Saturday, January 31, 2009

Hering's Law of Cure:

Source: Homœopathic Recorder, Feb. 1929.
By Dr Roger Schmidt

For a series of facts and phenomena to be the object of a science, they must be united by real connections, submissive rules, principles and fixed laws. The scientific mind invents neither facts, nor their relations of causality any more than their laws and principles. Its mission consists in investigating, discovering 'them' and establishing them on a basis as solid as possible.
Repeated observations and experimentation, which is only observation applied to artificially produced relations of causality, establish the reality of these facts on the firm basis of experience. When the relations of causality are permanent and invariable the existence of positive laws may be concluded from them.
As empirically found out facts, relations of causality have too, their raison d'être. They derive from more general laws and have their principles. Leading up to these principles, in so far as they can be positively established, is the highest mission of science. On the limit of these positive principles, experimental sciences stop. If we exceed that limit, we enter the domestic domain of philosophy, the domain of primary and metaphysical causes. No scientific man should remain a stranger to this domain. Willingly or not, those limits are constantly exceeded; as the search for principles is imposed upon the human mind by its very nature.
The reality of the relations of causality, of the principles of laws and the possibility of proving them by observation, are the first condition of every true science. Another and quite as necessary condition is the fixity of those laws. What makes the strength and superiority of homœopathic therapeutics is that it rests on precise and fixed (LAWS and PRINCIPLES. Beside our great law SIMILIA SIMILIBUS CURANTUR) which forms the solid basis of the Hahnemannian doctrine, there exists a secondary one little known : THE LAW OF CURE.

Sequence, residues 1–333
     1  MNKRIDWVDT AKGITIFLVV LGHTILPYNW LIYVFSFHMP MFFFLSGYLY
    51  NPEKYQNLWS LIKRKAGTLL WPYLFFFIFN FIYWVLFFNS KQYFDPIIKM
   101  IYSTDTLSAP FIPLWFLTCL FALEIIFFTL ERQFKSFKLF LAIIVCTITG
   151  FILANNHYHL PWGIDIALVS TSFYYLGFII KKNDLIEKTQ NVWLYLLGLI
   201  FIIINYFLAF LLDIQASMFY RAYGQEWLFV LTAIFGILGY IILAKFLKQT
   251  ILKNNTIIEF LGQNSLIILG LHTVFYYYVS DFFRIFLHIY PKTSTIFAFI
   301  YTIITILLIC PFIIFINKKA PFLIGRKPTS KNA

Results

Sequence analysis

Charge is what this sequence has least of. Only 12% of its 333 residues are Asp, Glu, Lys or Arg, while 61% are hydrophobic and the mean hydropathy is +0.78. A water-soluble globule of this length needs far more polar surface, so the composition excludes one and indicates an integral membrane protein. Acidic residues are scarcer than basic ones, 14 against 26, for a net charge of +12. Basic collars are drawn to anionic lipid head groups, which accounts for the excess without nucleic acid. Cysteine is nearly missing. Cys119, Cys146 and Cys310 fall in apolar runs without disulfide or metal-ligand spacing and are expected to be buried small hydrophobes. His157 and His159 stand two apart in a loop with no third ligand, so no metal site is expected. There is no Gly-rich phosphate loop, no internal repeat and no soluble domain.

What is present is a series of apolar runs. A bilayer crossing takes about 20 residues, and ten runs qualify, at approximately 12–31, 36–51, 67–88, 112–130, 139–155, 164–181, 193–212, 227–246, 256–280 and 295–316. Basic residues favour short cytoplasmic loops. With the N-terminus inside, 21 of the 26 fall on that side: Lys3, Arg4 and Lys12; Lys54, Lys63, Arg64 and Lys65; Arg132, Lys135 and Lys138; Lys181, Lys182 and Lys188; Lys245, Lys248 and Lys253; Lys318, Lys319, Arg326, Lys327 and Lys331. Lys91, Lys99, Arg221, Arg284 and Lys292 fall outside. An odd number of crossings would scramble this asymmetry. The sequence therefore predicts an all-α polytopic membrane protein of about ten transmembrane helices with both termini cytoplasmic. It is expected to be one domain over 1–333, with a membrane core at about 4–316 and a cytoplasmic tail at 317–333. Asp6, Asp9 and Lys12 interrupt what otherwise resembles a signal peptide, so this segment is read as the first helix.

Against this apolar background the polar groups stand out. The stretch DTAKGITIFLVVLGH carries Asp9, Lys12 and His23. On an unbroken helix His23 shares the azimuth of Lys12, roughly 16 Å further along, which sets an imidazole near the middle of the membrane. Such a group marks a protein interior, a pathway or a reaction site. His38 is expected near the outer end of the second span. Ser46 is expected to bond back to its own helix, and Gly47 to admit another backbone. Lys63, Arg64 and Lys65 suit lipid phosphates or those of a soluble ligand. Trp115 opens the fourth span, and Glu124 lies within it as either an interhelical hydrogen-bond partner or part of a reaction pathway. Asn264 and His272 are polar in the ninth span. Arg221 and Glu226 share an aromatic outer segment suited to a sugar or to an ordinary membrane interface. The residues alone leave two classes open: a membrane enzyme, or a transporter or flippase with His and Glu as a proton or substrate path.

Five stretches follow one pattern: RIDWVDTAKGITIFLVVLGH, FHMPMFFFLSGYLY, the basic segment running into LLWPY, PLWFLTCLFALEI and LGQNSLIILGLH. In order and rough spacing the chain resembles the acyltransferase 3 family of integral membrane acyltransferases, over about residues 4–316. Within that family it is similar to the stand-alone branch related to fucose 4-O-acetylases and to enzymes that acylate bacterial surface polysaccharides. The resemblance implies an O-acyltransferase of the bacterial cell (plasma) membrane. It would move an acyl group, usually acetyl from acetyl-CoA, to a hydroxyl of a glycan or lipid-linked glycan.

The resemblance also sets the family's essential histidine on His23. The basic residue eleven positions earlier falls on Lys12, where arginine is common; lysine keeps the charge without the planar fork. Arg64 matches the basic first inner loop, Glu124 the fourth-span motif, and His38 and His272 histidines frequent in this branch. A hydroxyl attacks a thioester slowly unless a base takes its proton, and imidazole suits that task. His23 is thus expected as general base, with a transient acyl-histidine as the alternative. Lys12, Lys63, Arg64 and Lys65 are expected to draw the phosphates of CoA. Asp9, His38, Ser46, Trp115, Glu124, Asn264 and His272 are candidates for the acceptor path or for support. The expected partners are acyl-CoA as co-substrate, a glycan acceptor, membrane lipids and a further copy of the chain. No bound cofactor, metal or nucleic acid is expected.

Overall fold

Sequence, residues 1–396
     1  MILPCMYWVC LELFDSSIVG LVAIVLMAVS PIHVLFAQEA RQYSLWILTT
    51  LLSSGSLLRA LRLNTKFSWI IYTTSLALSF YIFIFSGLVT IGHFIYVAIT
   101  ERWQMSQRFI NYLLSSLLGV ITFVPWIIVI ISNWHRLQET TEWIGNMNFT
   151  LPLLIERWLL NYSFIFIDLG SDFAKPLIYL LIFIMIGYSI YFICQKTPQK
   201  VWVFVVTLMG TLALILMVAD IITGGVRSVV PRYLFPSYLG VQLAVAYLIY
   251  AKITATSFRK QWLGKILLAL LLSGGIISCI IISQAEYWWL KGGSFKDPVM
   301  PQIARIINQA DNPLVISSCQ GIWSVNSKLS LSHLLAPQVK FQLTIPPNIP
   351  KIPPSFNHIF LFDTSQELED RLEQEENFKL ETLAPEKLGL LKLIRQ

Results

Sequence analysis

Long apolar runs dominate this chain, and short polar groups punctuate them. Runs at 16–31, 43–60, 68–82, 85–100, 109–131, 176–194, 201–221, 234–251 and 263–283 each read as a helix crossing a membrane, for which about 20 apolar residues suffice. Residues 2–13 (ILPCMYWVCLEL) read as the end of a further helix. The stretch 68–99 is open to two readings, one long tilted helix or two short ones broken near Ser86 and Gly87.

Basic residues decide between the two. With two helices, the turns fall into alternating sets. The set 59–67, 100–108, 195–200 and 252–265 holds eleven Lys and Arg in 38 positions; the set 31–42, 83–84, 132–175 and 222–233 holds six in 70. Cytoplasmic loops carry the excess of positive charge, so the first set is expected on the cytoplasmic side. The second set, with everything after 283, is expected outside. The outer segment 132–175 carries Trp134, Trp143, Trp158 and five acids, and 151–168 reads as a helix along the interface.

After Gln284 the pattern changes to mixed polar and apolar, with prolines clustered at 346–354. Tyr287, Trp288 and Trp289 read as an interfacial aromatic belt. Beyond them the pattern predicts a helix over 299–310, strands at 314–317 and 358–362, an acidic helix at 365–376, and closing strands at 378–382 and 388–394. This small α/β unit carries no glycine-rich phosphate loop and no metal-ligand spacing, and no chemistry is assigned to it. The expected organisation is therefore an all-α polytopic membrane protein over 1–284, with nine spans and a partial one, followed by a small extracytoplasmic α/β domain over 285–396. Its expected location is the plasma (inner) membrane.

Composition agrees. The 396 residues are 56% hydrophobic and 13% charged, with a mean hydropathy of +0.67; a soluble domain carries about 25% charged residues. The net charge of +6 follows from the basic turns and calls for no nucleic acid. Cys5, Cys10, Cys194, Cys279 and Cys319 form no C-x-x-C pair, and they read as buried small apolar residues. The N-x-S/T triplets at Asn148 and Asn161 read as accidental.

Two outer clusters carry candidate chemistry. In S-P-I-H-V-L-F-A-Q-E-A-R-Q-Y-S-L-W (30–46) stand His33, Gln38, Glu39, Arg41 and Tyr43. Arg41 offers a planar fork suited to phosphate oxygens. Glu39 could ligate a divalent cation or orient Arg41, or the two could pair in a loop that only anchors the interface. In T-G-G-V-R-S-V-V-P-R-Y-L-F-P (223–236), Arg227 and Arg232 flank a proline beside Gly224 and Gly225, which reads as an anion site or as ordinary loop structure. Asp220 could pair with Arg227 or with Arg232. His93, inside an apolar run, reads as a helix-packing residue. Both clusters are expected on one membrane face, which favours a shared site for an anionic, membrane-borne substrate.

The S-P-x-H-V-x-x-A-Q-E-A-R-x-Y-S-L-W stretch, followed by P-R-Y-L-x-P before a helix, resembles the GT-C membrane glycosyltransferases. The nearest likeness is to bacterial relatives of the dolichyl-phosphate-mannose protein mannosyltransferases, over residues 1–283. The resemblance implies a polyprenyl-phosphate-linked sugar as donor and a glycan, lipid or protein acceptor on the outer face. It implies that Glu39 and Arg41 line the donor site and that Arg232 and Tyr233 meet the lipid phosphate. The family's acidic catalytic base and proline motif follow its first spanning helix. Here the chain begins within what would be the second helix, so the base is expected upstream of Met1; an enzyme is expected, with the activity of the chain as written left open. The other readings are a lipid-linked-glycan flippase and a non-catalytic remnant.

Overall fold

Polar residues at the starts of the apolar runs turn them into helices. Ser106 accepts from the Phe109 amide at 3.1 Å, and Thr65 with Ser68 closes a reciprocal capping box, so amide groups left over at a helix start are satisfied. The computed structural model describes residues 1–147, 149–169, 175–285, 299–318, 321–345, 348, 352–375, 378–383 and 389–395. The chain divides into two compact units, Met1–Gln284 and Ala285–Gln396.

Constantine Hering had the merit of formulating for the first time the law of the direction of symptoms:

From above downwards.
From within outwards.
From a more important organ to a less important one.
In the reverse order of their coming.

2 Important Principles of Homeopathy:

Similia Similibus Curanter

This is the law of similars. It states that 'that which can cause can cure'. The onion, which produces tears in the eye and irritation (similar to a cold), can be used as a homeopathic medicine to cure colds which have irritating tears. The early Indians recognised this principle and states that Vishasya Vishamevam Aushadam and Samaha Samena Shantihi, but it was Dr. Hahnemann, who through his studies and experiments on the various medicines available in nature, practically proved the law.

Principle of Individualization

Treat the patient, not the disease. This is the most important doctrine of homeopathy. Not two human beings are alike and so the medicines used for their treatment need not be alike. Homeopathic medicines are prescribed based on the totality of symptoms of that individual. So, the name of the disease is not important to the doctor who tries to get a complete picture of the patient - his symptoms, the modalities of symptoms, his likes and disliked his environment, etc to arrive at the individualised remedy - which is the similimum.

Monday, January 26, 2009

History of Homeopathy:

In the late 1700s, Samuel Hahnemann, a physician, chemist, and linguist in Germany, proposed a new approach to treating illness. This was at a time when the most common medical treatments were harsh, such as bloodletting, purging, blistering, and the use of sulfur and mercury. At the time, there were few effective medications for treating patients, and knowledge about their effects was limited.

Hahnemann was interested in developing a less-threatening approach to medicine. The first major step reportedly was when he was translating an herbal text and read about a treatment (cinchona bark) used to cure malaria. He took some cinchona bark and observed that, as a healthy person, he developed symptoms that were very similar to malaria symptoms. This led Hahnemann to consider that a substance may create symptoms that it can also relieve. This concept is called the "similia principle" or "like cures like." The similia principle had a prior history in medicine, from Hippocrates in Ancient Greece—who noted, for example, that recurrent vomiting could be treated with an emetic (such as ipecacuanha) that would be expected to make it worse—to folk medicine. Another way to view "like cures like" is that symptoms are part of the body's attempt to heal itself—for example, a fever can develop as a result of an immune response to an infection, and a cough may help to eliminate mucus—and medication may be given to support this self-healing response. Hahnemann tested single, pure substances on himself and, in more dilute forms, on healthy volunteers. He kept meticulous records of his experiments and participants' responses, and he combined these observations with information from clinical practice, the known uses of herbs and other medicinal substances, and toxicology, eventually treating the sick and developing homeopathic clinical practice.